Law and Language (and Media)

Her Boss Sent Harassing Texts. So She Beat Him With a Mop.

A government worker in China became an internet sensation after a video emerged of her striking back at a boss she had accused of harassment.

Grandmother’s Refusal to Remove Photos From Facebook Tests Privacy Law

A Dutch court ruled a woman violated Europe’s General Data Protection Regulation after refusing to take down photos of her grandchildren from social media.

What’s a ‘Hairbag?’ $7 Million May Hinge on the Answer

Police officers have long used the word to describe their elders, usually behind their backs. Now a detective is suing over the term.

Thermostats, Locks and Lights: Digital Tools of Domestic Abuse

Internet-connected home devices that are marketed as the newest conveniences are also being used to harass, monitor and control.

I’m not rude, just French, says Canadian server who was fired for ‘combative’ attitude

Guillaume Rey isn’t rude.
He’s just French.
That’s what the server argued in a discrimination complaint against a Vancouver Milestones chain restaurant and its parent company, Cara Operations, in the wake of his firing in August.
While the manager maintains that Rey was popular among customers, he claimed the French server was “combative and aggressive” toward his co-workers.
But Rey alleges the manager’s accusations are a form of “discrimination against my culture,” which “tends to be more direct and expressive,” according to his complaint.
He also said he was fired because of his “direct, honest and professional personality,” which he developed during his time in the French hospitality industry.

Drumpf’s Twitter Blockees Go To Court

Judge Buchwald presided in a prim tweed suit (no robe). After expressing a regal distaste for Twitter, which she called “something that I don’t consider appropriate for judges to engage in,” she demonstrated that she understood the social-media platform at least as well as the lawyers. She brought the courtroom to near-silence with an idea that cut through the fog of the lawyers’ verbiage. “To the extent that the reason that the President has blocked these individuals is because he does not welcome what they have to say,” she said, “he can avoid hearing them simply by ‘muting’ them.” Twitter offers its users two options to avoid seeing the tweets of others. Drumpf used the block function, which means that he wouldn’t see a particular person’s tweets and that person could no longer see or respond to his tweets. Muting offers an intermediate step. Drumpf would no longer have to see the tweets of those he disdains, but they could still respond to his tweets.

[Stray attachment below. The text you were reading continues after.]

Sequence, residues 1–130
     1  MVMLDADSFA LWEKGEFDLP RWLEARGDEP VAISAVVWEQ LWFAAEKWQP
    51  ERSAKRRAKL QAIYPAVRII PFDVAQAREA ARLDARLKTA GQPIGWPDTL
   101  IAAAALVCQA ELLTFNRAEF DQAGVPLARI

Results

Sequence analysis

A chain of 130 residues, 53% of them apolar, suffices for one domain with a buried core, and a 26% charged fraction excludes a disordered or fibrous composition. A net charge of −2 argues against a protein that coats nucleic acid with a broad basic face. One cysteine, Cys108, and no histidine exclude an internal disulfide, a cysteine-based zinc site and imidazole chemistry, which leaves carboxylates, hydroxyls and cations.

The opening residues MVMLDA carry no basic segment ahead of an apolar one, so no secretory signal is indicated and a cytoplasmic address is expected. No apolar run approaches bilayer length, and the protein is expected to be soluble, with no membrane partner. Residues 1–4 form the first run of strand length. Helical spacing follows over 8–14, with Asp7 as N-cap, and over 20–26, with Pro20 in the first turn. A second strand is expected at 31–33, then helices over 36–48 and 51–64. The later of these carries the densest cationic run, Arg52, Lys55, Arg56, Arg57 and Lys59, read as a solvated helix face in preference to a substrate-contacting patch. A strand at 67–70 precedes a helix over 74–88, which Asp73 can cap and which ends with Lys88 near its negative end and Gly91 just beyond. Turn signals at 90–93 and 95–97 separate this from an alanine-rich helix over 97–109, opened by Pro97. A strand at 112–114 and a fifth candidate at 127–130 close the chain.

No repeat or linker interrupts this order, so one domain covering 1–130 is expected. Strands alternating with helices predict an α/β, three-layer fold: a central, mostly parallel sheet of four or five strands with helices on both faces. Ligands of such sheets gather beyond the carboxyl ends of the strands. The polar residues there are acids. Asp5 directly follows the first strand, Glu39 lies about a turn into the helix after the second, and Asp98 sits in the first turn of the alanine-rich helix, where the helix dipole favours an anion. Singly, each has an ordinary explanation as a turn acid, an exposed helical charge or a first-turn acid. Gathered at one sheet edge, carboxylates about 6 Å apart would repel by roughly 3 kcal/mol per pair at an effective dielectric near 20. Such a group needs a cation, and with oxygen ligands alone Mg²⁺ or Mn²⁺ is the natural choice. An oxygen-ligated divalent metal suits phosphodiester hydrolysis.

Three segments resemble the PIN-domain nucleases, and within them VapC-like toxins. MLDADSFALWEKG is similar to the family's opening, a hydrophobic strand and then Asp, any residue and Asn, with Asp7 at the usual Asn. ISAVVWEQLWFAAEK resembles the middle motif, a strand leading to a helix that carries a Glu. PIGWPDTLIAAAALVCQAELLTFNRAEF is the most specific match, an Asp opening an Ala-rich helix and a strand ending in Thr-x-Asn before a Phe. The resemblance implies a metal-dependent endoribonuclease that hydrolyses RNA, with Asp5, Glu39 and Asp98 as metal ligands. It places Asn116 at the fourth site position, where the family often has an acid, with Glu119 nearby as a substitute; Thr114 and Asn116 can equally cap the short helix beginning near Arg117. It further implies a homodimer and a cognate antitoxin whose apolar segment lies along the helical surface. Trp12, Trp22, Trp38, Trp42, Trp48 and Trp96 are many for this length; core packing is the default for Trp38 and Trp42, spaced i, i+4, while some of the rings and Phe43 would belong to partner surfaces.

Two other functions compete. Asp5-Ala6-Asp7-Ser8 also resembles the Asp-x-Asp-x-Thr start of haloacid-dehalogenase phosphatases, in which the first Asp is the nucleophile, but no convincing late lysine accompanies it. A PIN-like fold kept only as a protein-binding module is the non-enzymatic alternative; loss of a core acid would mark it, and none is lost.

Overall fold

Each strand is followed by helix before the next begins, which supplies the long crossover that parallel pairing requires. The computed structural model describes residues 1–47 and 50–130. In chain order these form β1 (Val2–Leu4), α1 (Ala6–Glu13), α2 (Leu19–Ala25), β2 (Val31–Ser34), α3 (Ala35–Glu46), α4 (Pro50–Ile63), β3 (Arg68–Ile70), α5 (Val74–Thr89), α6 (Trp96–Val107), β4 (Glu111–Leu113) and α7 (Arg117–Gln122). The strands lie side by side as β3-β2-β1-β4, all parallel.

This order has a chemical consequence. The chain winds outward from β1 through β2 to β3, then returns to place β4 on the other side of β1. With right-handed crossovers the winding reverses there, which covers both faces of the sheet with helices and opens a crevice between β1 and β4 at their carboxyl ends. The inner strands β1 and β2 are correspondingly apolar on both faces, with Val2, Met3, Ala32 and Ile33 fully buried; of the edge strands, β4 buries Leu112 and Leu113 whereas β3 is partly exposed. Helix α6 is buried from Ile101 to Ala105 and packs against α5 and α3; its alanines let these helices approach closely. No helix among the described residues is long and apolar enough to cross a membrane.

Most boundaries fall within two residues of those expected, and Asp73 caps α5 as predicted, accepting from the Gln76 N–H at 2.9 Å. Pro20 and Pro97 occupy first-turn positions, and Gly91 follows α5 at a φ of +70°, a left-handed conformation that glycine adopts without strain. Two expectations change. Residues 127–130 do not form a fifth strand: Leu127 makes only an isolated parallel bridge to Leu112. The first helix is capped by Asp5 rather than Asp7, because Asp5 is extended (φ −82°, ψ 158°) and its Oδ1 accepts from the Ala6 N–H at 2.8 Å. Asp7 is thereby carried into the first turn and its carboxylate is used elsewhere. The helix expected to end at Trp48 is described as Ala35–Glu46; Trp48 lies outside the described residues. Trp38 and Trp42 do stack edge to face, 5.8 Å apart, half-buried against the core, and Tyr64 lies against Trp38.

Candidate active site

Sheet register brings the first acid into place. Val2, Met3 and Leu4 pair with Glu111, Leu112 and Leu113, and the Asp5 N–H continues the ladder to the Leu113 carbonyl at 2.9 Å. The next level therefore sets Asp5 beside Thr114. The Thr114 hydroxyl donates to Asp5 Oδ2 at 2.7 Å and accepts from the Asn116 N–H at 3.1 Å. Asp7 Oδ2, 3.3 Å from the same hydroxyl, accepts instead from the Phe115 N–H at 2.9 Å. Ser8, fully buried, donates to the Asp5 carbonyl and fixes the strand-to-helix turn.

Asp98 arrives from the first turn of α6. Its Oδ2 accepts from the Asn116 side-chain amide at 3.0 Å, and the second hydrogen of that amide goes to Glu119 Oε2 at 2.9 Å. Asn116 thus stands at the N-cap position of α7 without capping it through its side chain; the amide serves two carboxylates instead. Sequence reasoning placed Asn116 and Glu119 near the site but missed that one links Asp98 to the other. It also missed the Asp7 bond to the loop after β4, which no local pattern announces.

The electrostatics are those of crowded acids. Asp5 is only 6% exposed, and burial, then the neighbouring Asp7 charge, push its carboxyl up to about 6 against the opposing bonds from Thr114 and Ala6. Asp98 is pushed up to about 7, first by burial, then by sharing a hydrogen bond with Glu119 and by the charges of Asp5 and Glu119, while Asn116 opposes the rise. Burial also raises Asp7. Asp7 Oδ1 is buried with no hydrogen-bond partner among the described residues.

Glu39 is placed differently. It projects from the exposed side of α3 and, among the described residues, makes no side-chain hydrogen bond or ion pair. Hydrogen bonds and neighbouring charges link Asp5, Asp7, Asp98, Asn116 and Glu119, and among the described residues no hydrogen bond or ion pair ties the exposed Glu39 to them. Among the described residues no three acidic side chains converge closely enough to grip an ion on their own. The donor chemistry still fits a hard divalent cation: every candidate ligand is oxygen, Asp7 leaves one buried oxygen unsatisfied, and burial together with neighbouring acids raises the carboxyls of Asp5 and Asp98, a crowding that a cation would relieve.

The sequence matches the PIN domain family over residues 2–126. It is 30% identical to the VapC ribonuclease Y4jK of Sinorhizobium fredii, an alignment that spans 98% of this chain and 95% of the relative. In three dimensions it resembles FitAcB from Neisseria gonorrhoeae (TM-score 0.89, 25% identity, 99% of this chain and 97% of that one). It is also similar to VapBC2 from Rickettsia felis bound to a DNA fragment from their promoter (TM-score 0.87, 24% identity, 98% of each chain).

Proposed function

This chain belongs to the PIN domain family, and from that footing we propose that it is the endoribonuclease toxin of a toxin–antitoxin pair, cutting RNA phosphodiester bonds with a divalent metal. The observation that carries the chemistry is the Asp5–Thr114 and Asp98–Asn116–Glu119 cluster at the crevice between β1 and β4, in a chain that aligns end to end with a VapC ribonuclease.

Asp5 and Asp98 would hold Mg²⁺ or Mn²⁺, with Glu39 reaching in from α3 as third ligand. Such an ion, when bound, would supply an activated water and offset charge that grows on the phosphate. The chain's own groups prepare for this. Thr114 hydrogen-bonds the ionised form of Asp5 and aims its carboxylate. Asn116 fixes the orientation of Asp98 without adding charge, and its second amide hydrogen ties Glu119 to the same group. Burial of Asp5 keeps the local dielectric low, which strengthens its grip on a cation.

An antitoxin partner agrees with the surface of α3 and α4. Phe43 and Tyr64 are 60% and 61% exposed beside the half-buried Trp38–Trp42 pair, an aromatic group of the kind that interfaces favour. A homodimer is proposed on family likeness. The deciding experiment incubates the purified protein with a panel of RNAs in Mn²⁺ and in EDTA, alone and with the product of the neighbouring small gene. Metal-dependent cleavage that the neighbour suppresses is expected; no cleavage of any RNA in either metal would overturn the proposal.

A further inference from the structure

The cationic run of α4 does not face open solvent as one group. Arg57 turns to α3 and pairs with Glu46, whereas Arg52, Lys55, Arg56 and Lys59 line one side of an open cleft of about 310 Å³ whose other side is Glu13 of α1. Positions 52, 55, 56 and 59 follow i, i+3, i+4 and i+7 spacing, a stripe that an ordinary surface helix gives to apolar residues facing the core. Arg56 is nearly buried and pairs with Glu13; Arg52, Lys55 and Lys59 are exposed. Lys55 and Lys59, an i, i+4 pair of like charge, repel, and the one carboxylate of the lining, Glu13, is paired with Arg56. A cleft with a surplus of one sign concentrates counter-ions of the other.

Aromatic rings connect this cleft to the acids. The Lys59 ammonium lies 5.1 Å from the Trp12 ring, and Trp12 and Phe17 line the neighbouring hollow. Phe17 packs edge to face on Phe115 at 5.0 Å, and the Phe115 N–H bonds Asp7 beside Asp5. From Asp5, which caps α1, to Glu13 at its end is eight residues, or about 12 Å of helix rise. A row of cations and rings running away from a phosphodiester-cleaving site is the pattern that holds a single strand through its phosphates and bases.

It’s a crime in Virginia to swear in public. A lawmaker says that’s #@!#ing nuts.

Virginia law demands that residents keep it clean, even in moments crying out for the foulest four-letter words. It’s illegal in this state to curse in public.  “Profane swearing” is a Class 4 misdemeanor punishable by a $250 fine, right up there with public intoxication. It’s a law that predates the Civil War. Yet modern-day potty-mouths still get charged under it — in small numbers, but in ways that can raise troubling questions about law enforcement.

Australian Official Calls for Emergency Visas for White South African Farmers

South Africa responded angrily to comments by an Australian minister who said white South African farmers deserved protection in a “civilized country.”